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Effects of pressure and temperature on the binding of RecA protein to single-stranded DNA Jack Merrin, Pradeep Kumar, and Albert Libchaber1 The Rockefeller University, Center for Studies in Physics and Biology, New York, NY 10021 Contributed by Albert Libchaber, August 15, 2011 (sent for review July 9, 2011)

Materials and Methods Fluorescence Anisotropy. Fluorescence anisotropy is a common technique to measure binding (27, 28). It has been applied to investigate RecA binding to DNA as a function of DNA sequence and structure (29). When a fluorescent molecule is excited with linearly polarized light, the emitted light will have the same polarization. If the fluorescent molecule rotates while it is excited, then light will be emitted with a rotated polarization. Measurement of emitted light intensity in the vertical Iv and horizontal Ih orientations can therefore detect the average rotation. The fluorescence anisotropy A is defined as

H

omologous recombination is an essential mechanism for genomic stability and for generating genetic variations. In eukaryotic cells, RecA protein or its variants are required for recombination (1). In prokaryotes, RecA protein is responsible for DNA repair and plays an important role in the SOS response (2). All organisms have inherited RecA homologues such as Rad51 in humans. Besides being an essential protein, RecA is one of the most studied and sequenced protein. Due to its universal existence in almost all life forms, RecA has been used as a phylogenetic marker for bacteriophage, bacteria, archea, and eukaryotes (3). In the presence of ATP, a RecA molecule binds to three nucleotides of a ssDNA and further polymerizes to form a helical filament (4). RecA depolymerization occurs with the hydrolysis of ATP to form ADP and releases energy in the process. In the presence of a nonhydrolizable form of ATP, adenosine 5'-[γ-thio] triphosphate (ATP[γ-S]), RecA binding to ssDNA is much stronger compared to that with ATP. In the presence of ATP[γ-S], RecA can polymerize on ssDNA, but the rate of depolymerization is significantly reduced. ATP[γ-S] disrupts the natural dynamic instability. In the presence of ATP, the dynamic instability is thought to act as a type of kinetic proofreading (5). Many archea and bacteria can live and grow in extreme conditions such as high pressure, temperature, and pH (6–8). For example, Serratia marcescens, a psychrophilic bacteria, can live at −20 °C while Pyrococcus CH1, a hyperthermophilic archea, can grow at 110 °C and 120 MPa (9, 10). The proliferation of these bacterial extremophiles raises an important question as to how proteins can sustain such harsh conditions because proteins are only stable in a range of thermodynamic conditions such as pressure and temperature (11–16). www.pnas.org/cgi/doi/10.1073/pnas.1112646108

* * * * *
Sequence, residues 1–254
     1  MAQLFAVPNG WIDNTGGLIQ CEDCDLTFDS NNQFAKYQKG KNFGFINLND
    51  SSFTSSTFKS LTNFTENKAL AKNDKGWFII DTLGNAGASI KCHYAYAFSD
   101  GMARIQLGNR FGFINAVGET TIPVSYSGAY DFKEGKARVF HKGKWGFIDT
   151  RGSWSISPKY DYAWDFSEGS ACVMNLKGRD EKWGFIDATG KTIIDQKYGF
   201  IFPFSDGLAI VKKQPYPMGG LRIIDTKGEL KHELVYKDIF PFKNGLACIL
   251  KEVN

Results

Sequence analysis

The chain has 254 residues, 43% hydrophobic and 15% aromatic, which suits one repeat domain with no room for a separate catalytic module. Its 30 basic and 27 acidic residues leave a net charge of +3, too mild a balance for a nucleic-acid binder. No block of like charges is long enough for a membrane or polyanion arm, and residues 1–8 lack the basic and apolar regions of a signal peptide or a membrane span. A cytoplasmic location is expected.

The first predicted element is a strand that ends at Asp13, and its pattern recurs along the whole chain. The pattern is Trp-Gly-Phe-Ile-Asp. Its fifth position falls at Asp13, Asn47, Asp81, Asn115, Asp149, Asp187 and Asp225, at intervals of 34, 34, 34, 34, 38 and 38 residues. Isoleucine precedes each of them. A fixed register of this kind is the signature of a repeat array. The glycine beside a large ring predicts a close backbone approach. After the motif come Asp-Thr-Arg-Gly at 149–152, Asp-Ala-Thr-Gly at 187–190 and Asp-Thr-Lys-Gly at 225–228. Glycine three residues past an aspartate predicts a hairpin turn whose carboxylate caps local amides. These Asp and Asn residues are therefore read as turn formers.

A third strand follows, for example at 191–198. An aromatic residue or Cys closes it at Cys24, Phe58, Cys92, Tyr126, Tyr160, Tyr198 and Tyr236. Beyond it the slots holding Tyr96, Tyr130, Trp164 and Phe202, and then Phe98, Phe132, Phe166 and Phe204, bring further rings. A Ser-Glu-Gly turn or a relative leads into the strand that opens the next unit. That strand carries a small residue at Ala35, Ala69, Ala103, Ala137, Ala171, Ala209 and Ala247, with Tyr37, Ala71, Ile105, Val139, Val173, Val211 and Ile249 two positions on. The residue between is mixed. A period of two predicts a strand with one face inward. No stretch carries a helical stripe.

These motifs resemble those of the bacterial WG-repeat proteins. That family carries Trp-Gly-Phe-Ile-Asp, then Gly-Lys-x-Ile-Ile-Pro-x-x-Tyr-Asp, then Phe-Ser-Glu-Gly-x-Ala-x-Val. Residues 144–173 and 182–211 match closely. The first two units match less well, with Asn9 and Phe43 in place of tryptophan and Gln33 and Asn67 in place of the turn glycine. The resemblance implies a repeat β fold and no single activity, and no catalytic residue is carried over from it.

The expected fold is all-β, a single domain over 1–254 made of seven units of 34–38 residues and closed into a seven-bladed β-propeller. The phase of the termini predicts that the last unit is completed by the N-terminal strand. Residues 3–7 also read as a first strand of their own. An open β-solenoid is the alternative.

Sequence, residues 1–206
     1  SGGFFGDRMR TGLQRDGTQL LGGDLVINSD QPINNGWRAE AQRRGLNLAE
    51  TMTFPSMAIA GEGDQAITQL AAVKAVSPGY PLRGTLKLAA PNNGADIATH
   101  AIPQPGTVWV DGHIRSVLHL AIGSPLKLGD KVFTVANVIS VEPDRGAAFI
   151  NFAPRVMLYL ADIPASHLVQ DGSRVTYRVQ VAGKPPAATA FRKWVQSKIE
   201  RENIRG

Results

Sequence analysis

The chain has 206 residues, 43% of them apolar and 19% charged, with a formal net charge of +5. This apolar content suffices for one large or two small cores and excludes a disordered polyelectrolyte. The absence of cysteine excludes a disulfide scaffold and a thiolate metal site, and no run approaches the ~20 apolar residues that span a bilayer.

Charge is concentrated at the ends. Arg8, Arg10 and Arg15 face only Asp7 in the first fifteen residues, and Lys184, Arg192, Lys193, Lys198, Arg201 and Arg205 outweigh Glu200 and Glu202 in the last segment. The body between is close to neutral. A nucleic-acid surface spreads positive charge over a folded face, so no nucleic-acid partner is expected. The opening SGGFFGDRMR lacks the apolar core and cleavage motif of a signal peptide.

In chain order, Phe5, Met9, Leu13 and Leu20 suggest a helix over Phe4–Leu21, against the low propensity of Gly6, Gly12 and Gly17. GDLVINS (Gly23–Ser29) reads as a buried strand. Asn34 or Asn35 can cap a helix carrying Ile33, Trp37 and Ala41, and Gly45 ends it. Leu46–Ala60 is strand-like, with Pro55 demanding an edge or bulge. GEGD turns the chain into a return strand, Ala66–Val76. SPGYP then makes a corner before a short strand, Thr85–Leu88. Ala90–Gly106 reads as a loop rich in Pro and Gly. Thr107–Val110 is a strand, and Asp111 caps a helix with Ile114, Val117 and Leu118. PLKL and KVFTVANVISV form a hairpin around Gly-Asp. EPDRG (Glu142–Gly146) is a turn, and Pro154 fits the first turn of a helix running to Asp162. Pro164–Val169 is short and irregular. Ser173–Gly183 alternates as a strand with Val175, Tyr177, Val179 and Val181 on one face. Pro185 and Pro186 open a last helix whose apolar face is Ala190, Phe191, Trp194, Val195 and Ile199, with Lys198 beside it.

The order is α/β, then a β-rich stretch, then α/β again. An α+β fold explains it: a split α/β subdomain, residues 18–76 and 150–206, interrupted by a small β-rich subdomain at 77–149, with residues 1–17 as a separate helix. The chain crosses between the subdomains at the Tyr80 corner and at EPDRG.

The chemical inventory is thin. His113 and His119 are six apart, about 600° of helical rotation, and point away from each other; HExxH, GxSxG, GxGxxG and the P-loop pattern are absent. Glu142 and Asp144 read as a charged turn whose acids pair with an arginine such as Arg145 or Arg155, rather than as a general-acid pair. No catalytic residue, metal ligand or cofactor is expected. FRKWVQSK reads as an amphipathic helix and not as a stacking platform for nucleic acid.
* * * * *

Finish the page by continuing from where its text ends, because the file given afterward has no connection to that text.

Iv − Ih : I v þ 2I h

[1]

The anisotropy of a spherical molecule is given by



A0 A0 ¼ ; 1 þ τ∕θ 1 þ τðkB T∕ηV Þ

[2]

where A0 is the intrinsic anisotropy, τ is the lifetime of the fluorophore, θ is the rotational correlation time of the molecule, η is the viscosity of water, and V is the molecular volume (30). An increased binding of RecA to ssDNA increases the rotational correlation time of the molecule and hence leads to an increase in the anisotropy. In our experiments, we used ssDNA of 39 thymine nucleotides, which does not form any secondary structure or base stacking. It has a persistence length of approximately six nucleotides (31). Each RecA molecule binds to three bases and hence a completely covered ssDNA in our case will have 13 RecA bound to it. We find that the typical value of the anisotropy of the bare DNA, ADNA , is 0.05 or less. At atmospheric pressure, if the RecA concentration is high enough, then 13 RecA molecules can completely cover the DNA giving a large anisotropy, which is typically A13 ¼ 0.25 (29). The measured value of A13 in our experiments is substantial compared to the theoretical maximum of A ≈ 0.4 (27). A is a function of Ih ∕Iv and does not depend on the total fluorescence intensity. Although the effects of pressure, temperature, and pH may

Author contributions: J.M., P.K., and A.L. designed research, performed research, contributed new reagents/analytic tools, analyzed data, and wrote the paper. The authors declare no conflict of interest. Freely available online through the PNAS open access option. 1

To whom correspondence should be addressed. E-mail: [email protected]

PNAS ∣ December 13, 2011 ∣ vol. 108 ∣ no. 50 ∣ 19913–19918

PHYSICS

pressure–temperature phase diagram ∣ DNA binding protein ∣ protein stability ∣ protein functionality

A thermodynamic limit on the stability of proteins also puts a limit on the functionality of proteins (15, 17, 18) and hence the existence of living systems. Essential proteins must have adapted to the species habitat (19–25). Adaptation means the preservation of the functionality of proteins. The adaptation of proteins to high pressures and temperatures is usually attributed to various factors such as increased hydrophobicity of the protein residues, uncorrelated domain structures, and extremely slow unfolding (26). It is not clear if thermostability is correlated with increased barostability. In this paper, we study and compare the pressure and temperature dependence of the equilibrium RecA binding to ssDNA in vitro in the presence of ATP[γ-S], using the method of fluorescence anisotropy, for a mesophilic bacteria Escherichia coli (EC) and a thermophilic bacteria Thermus thermophilus (TT). The methods presented here can also be applied to study other DNA binding proteins.